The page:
Grammatical role of 'whatever the circumstances'

English Idioms and Expressions, Intermediate level

ESL/EFL Test #5 [color=blue]“As happy as the day is long”, question 1

I’m sure that he could make a better job of being prime minister any day of the week.

(a) whatever the details
(b) whatever the time
© whatever the circumstances
(d) whatever the week

English Idioms and Expressions, Intermediate level

ESL/EFL Test #5 [color=blue]“As happy as the day is long”, answer 1

I’m sure that he could make a better job of being prime minister whatever the circumstances.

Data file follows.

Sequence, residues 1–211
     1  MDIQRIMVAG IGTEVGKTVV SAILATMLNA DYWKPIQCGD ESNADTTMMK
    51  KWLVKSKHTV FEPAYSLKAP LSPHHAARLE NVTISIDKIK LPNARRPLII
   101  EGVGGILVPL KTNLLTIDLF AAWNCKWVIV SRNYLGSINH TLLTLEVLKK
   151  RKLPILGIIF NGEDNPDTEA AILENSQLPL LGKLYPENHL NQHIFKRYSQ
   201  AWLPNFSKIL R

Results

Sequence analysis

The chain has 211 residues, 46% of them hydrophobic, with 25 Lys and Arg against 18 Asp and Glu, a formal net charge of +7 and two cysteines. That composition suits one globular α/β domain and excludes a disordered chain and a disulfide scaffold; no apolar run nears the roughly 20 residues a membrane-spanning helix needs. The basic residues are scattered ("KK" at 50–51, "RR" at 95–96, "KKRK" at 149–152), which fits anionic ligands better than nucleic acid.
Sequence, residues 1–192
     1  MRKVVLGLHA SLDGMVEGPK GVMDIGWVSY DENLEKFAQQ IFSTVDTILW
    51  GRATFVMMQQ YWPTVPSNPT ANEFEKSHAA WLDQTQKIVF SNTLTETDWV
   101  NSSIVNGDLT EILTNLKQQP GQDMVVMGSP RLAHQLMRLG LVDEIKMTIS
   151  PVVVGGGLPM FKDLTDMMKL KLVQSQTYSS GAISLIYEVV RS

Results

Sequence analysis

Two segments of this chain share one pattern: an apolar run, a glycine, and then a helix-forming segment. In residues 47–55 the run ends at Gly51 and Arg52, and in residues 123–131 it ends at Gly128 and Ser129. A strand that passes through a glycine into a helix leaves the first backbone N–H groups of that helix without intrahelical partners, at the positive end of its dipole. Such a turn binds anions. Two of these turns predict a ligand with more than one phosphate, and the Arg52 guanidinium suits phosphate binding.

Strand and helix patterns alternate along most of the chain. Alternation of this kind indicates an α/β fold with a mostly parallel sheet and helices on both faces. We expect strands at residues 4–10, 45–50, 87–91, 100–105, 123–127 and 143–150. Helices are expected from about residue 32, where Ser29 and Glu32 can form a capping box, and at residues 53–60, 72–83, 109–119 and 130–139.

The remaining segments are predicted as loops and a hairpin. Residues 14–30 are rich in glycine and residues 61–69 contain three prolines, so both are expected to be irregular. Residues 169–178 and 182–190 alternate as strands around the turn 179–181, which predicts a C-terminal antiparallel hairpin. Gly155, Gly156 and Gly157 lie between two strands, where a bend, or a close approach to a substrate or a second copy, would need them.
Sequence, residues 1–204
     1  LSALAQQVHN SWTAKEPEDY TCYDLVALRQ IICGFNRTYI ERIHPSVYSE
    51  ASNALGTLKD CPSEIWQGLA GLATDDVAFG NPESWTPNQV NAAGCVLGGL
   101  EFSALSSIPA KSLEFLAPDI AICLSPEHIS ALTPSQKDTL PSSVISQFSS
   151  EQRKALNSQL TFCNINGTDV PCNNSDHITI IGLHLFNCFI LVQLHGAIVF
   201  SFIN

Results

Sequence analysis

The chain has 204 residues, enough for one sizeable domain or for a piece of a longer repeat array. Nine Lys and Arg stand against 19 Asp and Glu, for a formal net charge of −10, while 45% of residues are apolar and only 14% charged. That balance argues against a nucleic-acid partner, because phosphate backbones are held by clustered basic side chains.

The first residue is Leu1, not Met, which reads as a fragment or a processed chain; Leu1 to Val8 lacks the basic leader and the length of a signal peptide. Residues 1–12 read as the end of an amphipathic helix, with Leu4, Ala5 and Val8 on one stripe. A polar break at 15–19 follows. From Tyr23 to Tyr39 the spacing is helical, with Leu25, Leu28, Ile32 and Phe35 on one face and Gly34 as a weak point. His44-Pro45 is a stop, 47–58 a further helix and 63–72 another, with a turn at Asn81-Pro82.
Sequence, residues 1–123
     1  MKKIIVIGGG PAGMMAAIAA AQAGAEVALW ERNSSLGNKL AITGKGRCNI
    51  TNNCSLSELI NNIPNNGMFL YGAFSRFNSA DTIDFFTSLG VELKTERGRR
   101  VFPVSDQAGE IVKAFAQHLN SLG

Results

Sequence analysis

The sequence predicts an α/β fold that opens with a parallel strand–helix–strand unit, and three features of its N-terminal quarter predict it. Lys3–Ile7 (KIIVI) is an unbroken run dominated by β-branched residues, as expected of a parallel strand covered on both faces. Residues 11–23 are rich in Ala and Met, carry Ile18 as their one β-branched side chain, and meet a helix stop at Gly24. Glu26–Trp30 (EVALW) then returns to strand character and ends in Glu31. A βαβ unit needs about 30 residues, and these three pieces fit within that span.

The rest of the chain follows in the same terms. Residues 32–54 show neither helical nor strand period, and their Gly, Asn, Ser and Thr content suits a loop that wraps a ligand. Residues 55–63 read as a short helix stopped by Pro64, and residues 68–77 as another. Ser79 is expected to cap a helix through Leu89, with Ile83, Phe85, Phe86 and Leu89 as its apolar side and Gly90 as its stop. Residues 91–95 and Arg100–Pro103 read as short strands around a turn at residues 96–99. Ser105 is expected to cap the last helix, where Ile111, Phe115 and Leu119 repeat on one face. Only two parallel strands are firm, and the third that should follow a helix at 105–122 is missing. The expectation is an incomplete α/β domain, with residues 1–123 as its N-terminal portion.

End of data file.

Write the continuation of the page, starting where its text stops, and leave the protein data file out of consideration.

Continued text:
Correct answer: © whatever the circumstances

Your answer was: [color=red]incorrect
I’m sure that he could make a better job of being prime minister whatever the time.
[size=200]_________________________[/size]

Hi, could you please tell me what the role ‘whatever the circumstances’ plays here grammatically? Can I consider it as an abbreviation of ‘whatever the circumstances are’?

Hi,

In fact the full version suggests: Whatever the circumstances ‘might be’. This follows on from ‘could’ indicating ‘would be able to’

Alan